Seminar paper from the year 2018 in the subject Literature - Modern Literature, grade: 3,0, University of Erfurt, course: Literature in images: Graphic Novels, language: English, abstract: A lot of graphic novels work with Intertextuality, because as a visual medium they can represent or quote another text even better than a normal novel. Alison Bechdel’s Fun Home is a prime example of those graphic novels that use intertextuality. Her memoir is full of pop culture and book references. My thesis is that the literary works and stories she has woven into her story mirror her own story and exist to further illustrate her struggles coming of age.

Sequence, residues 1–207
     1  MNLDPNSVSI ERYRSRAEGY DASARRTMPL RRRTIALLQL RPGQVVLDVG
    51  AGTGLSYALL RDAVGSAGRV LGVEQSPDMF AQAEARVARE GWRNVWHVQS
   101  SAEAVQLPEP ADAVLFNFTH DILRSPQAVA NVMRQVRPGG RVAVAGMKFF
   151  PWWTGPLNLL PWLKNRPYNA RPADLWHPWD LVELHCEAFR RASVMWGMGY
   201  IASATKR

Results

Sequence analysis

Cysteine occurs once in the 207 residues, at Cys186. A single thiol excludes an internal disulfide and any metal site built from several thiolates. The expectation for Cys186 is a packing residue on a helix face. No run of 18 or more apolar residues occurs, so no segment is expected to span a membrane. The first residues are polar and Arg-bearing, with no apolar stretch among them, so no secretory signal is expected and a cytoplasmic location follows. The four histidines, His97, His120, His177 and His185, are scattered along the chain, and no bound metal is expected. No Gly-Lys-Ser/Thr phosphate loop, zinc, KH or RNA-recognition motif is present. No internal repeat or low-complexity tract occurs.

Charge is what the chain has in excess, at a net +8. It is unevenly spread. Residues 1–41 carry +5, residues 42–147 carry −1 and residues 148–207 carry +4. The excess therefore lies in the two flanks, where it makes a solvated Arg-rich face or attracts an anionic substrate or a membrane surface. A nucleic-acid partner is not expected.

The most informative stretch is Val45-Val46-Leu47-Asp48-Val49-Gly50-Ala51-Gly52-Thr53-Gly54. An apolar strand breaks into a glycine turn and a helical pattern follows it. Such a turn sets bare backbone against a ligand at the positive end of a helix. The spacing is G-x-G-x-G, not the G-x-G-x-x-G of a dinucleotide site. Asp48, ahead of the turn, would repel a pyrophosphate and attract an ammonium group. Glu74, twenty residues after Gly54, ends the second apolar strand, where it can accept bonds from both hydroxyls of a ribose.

Comics featuring LGBTQ children have the burden of challenging cis/heteronormative versions of childhood. Such examples of childhood, according to author Katherine Bond Stockton, are false and restrict children to a vision of innocence that leaves no room for queer children to experience their own versions of childhood. Furthermore, the Lesbian, Gay, Bisexual, Transgender, and Queer (LGBTQ) community has taken a "progressive"-based approach to time, assuming that newer generations have avoided the trauma of the past because ideas about sexual orientation and gender have advanced with time. Newer generations of the LGBTQ community forget that many have struggled for change to occur, instead choosing to forget the wounds of the past. By analyzing two comic works--Alison Bechdel's graphic novel Fun Home and Sophie Labelle's web comic series Assigned Male--I argue that we must let go of our suspicion towards LGBTQ child characters and open ourselves up to what can be learned from them. I also argue that both the past (with its wounds and trauma) and the future must be accepted into the present in order to give children the childhood they desire, rather than the childhood we recall. Both Fun Home and Assigned Male demonstrate that childhood is far from the simplistic happy time of life and can be just as fraught with complication as adulthood. Rather than try to protect children from this, these authors argue that we should empower children to locate their own sense of authenticity, in terms of both gender and sexuality. I argue that children are full of possibility and wisdom to guide current populations and change the future for the better through their struggles.